Properly hung drywall can be a seamless affair


November 06, 1993|By Karol V. Menzie and Randy Johnson

It's a lovely stage in any rehab or remodeling project when the drywall goes up and the spaces start looking like real rooms.

Myriad problems and small uglinesses -- old pipes, awkward old framing, new beams and reinforcements -- disappear behind the plain, flat surface. In a way, it hides some of the most exacting work, the plumbing, heating and wiring, but it also covers the worst irregularities of old construction and makes everything fresh and new.

Preservationists sometimes insist that only plaster will do in an old house -- and that's fine, where there's plaster worth preserving. But when it's done well, drywall presents a smooth and beautiful surface that's easy to finish and easy to maintain. We're pretty certain that if drywall had existed in the 1890s, carpenters would have used it.

The key words, of course, are "done well." Drywall (like plaster) requires a solid support system and careful finishing to look its best, and to wear well. We've seen some pretty awful drywall jobs done by amateurs -- wavy, wobbly, with an uneven finish, peeling tape and popped-out nail heads. But it doesn't have to be that way.

Hanging drywall properly is not that hard. You need the right tools -- none of them expensive -- and you need to follow some simple rules.

The best way to install drywall is to glue it to the framing parts and then screw it. Many people simply nail the panels to the studs. That may be faster, but it doesn't provide the good solid bond that turns drywall panels into a solid wall surface. If there's any movement in the wall -- and that can come from people walking by, buses on the street outside -- the nails can pop out of the taped and finished seams.

The tools needed to install drywall can be assembled for a little more than $100. Here's what you'll need:

* A power screw gun with a tip that can be set so that every screw is driven to a precise depth without breaking through the drywall.

* A utility knife with extra blades.

* A drywall square -- a T square with a 48-inch tail.

* A drywall hand saw -- a coarse-cut saw with a pointed tip that can be driven into the drywall to cut out a hole for a fixture.

* A drywall rasp for smoothing drywall edges.

* A tape measure.

* A heavy-duty caulking gun (holds 10-ounce tubes of drywall adhesive).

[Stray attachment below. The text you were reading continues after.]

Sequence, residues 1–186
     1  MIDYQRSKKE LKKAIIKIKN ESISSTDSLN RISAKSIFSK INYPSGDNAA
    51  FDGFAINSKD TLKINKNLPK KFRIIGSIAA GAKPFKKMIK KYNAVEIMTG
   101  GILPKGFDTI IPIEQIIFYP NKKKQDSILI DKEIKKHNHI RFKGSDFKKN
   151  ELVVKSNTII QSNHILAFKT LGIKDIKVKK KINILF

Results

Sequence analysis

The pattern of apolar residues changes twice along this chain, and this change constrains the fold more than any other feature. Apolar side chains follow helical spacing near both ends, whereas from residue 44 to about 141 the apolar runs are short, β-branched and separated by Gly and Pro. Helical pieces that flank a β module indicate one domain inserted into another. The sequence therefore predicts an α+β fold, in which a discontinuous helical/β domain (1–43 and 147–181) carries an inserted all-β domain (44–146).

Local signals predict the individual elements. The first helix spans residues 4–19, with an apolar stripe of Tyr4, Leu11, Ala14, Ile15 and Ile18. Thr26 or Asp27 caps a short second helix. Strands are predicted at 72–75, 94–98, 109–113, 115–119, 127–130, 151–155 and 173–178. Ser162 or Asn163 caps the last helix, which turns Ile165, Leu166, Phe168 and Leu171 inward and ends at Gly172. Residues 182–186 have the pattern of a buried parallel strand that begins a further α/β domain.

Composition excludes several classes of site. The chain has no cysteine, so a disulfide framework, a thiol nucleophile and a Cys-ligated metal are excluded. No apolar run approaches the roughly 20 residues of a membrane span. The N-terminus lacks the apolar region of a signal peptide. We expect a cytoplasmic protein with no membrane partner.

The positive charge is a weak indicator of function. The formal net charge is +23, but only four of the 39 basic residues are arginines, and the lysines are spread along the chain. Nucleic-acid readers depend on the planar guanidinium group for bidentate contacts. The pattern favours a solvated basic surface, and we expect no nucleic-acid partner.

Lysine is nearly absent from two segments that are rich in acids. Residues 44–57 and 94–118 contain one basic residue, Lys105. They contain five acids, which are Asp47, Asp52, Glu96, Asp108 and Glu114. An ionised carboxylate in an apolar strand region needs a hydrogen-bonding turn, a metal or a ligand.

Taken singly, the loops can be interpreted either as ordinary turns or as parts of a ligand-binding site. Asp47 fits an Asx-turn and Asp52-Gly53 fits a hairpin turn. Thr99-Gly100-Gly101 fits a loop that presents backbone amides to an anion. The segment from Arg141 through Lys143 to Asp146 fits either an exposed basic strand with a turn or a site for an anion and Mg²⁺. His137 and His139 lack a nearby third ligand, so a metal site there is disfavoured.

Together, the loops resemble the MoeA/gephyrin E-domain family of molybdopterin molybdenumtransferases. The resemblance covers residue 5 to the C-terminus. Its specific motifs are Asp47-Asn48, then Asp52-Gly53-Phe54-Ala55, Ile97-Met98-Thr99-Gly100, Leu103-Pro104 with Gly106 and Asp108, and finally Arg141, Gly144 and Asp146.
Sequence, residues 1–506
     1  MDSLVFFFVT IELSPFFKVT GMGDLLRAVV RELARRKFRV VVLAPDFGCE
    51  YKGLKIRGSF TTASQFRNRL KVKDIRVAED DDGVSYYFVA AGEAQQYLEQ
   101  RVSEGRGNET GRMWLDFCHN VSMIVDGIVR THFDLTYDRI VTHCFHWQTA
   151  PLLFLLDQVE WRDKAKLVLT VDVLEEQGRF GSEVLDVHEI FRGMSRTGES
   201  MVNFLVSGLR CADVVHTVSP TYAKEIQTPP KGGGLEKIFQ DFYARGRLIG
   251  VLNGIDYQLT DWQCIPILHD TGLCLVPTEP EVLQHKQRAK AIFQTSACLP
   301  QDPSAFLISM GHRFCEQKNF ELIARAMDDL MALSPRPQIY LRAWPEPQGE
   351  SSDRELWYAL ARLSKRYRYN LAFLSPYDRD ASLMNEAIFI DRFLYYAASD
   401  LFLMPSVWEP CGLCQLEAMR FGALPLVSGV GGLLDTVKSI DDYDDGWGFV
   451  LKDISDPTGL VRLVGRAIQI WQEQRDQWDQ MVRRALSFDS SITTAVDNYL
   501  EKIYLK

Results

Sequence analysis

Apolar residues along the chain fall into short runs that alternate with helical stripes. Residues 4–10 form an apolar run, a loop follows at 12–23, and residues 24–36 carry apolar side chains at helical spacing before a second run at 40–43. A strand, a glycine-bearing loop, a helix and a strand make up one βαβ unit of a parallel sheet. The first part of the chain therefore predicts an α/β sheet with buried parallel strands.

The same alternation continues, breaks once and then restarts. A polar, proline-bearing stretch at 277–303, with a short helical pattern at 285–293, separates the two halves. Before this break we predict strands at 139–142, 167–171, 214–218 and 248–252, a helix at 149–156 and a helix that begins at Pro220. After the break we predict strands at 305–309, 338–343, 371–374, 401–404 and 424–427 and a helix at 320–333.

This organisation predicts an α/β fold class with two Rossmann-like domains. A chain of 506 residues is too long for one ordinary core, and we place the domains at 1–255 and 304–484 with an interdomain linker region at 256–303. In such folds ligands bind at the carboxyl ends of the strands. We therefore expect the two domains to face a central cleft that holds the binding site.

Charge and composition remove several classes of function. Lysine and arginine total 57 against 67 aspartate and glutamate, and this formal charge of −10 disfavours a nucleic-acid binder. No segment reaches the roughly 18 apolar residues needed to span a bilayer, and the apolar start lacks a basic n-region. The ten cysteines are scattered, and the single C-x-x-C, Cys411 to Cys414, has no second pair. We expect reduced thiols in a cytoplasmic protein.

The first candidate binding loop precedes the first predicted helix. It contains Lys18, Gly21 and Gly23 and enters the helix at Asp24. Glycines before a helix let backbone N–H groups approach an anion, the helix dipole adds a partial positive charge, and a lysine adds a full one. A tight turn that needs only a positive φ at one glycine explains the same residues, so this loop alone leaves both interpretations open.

Here's the procedure:

* Spend a little time planning the job. Drywall comes in 4-by-8-foot sheets or 4-by-12-foot sheets. Both long sides of each sheet are beveled; when two beveled edges are placed next to each other, they form a tiny valley for the joint compound and drywall tape.

You need to plan sheet placement so the beveled edges meet. Drywall is usually installed horizontally on walls, with the beveled edges parallel to the floor. However, bevels should

not end up on the bottom of a wall; they will make the baseboard difficult to install. This is not usually a problem in old houses, where the walls are taller than 8 feet.

If you've done the framing and know that the studs are uniformly 16 inches on center (that is, 16 inches from the center of one stud to the center of the next), you can hang the sheets vertically. That may be the best way to handle an 8-foot wall.

However you hang the panels, you need to keep beveled edges together and butt (non-beveled) edges together. It's also good to use as few joints as possible. That's why you have to plan ahead. Think of it as a giant interactive video game -- Tetra Vex with butts and bevels instead of letters or numbers.

* Measure panels with tape and mark with a pencil along the T square. Cut pieces with a utility knife by scoring the surface (back or front), then turning the sheet over and using your knee to snap the sheet at the score. Cut the other side of the paper with the utility knife.

* Apply drywall adhesive to the studs with the caulk gun, put the drywall in place and screw it to the stud with drywall screws every eight inches or so.

When sheets are installed this way, you will have a solid surface to finish -- and there won't be any problem with nail pops.

Other points to consider:

* Where outside corners join, use a metal corner bead, a thin L with holes in it that is nailed to the corner, then finished with joint compound. It gives a good, sharp corner.

* If there's a gap -- say, where inside corners meet -- that's too big to be easily covered in the finishing process, fill it with a fast-dry patching plaster, rather than joint compound.

* Buy replacement tips for the screw gun before you start the job. That way you won't have to stop working to run out and get them.

* It helps to have more than one person working on drywall -- even if the second person is no carpenter, he or she can help lift sheets, measure and hold panels in place, if necessary, while the screws go in. And the extra person is essential when you're drywalling ceilings.

Mr. Johnson is a Baltimore construction manager. Ms. Menzie is a feature writer for The Sun.

If you have questions, tips or experiences to share about working on houses, write to us c/o HOME WORK, The Sun, 501 N. Calvert St. Baltimore 21278. Questions of general interest will be answered in the column; comments, tips and experiences will be reported in occasional columns.

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